Technical Paper

NOx and PM Reduction Using Combined SCR and DPF Technology in Heavy Duty Diesel Applications

2005-11-01
2005-01-3548
The application of oxidation catalyst and particulate filter technology for the reduction of particulate matter (PM), hydrocarbons (HC) and carbon monoxide (CO) emissions from heavy duty diesel engines has become an established practice. The design and performance of such systems have been commercially proven to the point that the application of these technologies is cost effective and durable. The application of an effective NOx reduction technology in heavy duty diesel applications is more complicated since there are no passive NOx reduction technologies that can be fit onto HDD vehicles. However, Selective Catalytic Reduction (SCR) systems using Urea injection to achieve NOx reduction have become the technology of choice in Europe and have been applied to achieve Euro IV emissions levels on new HDD vehicles. In addition, retrofit SCR emission control systems have also been developed that can provide high NOx reduction when applied on existing HDD vehicles.
Technical Paper

Final Operability and Chassis Emissions Results from a Fleet of Class 6 Trucks Operating on Gas-to-Liquid Fuel and Catalyzed Diesel Particle Filters

2005-10-24
2005-01-3769
Six 2001 International Class 6 trucks participated in a project to determine the impact of gas-to-liquid (GTL) fuel and catalyzed diesel particle filters (DPFs) on emissions and operations from December 2003 through August 2004. The vehicles operated in Southern California and were nominally identical. Three vehicles operated “as-is” on California Air Resources Board (CARB) specification diesel fuel and no emission control devices. Three vehicles were retrofit with Johnson Matthey CCRT® (Catalyzed Continuously Regenerating Technology) filters and fueled with Shell GTL Fuel. Two rounds of emissions tests were conducted on a chassis dynamometer over the City Suburban Heavy Vehicle Route (CSHVR) and the New York City Bus (NYCB) cycle. The CARB-fueled vehicles served as the baseline, while the GTL-fueled vehicles were tested with and without the CCRT filters. Results from the first round of testing have been reported previously (see 2004-01-2959).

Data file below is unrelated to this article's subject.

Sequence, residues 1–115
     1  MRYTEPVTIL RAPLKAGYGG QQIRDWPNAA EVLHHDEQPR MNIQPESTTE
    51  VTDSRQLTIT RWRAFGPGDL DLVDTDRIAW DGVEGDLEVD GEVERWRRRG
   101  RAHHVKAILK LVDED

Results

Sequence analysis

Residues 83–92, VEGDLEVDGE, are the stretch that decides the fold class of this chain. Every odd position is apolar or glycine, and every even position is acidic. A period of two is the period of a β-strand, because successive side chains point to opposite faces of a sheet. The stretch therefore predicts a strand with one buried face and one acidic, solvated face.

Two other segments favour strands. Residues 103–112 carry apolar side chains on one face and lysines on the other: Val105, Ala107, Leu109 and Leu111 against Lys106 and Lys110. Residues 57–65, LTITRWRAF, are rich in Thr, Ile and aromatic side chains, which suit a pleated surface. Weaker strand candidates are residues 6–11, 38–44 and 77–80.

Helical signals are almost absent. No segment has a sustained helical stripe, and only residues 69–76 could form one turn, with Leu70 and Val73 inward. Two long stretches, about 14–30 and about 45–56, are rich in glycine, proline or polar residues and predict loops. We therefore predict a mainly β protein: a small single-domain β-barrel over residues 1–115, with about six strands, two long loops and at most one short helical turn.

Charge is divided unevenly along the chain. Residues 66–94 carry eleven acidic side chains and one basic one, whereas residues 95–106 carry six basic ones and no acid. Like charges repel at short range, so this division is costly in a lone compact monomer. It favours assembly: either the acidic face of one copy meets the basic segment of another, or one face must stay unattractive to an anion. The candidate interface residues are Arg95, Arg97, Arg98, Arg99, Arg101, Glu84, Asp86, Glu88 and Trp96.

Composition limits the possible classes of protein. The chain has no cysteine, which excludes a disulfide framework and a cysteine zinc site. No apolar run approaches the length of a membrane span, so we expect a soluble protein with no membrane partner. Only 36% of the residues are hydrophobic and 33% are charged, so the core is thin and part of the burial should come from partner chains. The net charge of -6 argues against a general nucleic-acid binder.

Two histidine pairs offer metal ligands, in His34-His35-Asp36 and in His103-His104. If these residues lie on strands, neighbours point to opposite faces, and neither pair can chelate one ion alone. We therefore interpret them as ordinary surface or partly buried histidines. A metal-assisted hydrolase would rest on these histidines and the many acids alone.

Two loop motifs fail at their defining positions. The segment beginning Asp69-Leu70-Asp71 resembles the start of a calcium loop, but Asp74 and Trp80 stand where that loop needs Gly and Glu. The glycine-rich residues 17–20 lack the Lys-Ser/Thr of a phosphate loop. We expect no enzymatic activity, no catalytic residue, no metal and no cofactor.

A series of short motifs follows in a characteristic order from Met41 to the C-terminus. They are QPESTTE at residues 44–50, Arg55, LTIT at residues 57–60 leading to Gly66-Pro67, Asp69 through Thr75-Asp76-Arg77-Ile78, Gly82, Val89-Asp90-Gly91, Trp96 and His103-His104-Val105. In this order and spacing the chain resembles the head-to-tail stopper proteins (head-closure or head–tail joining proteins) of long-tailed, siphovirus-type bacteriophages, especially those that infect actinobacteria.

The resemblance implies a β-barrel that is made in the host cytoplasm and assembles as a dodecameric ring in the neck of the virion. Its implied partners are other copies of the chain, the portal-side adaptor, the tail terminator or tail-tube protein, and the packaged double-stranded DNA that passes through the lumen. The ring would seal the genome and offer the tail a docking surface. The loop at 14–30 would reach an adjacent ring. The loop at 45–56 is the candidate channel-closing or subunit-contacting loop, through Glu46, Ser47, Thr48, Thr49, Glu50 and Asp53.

Technical Paper

Fuel Property, Emission Test, and Operability Results from a Fleet of Class 6 Vehicles Operating on Gas-To-Liquid Fuel and Catalyzed Diesel Particle Filters

2004-10-25
2004-01-2959
A fleet of six 2001 International Class 6 trucks operating in southern California was selected for an operability and emissions study using gas-to-liquid (GTL) fuel and catalyzed diesel particle filters (CDPF). Three vehicles were fueled with CARB specification diesel fuel and no emission control devices (current technology), and three vehicles were fueled with GTL fuel and retrofit with Johnson Matthey's CCRT™ diesel particulate filter. No engine modifications were made. Bench scale fuel-engine compatibility testing showed the GTL fuel had cold flow properties suitable for year-round use in southern California and was additized to meet current lubricity standards. Bench scale elastomer compatibility testing returned results similar to those of CARB specification diesel fuel. The GTL fuel met or exceeded ASTM D975 fuel properties. Researchers used a chassis dynamometer to test emissions over the City Suburban Heavy Vehicle Route (CSHVR) and New York City Bus (NYCB) cycles.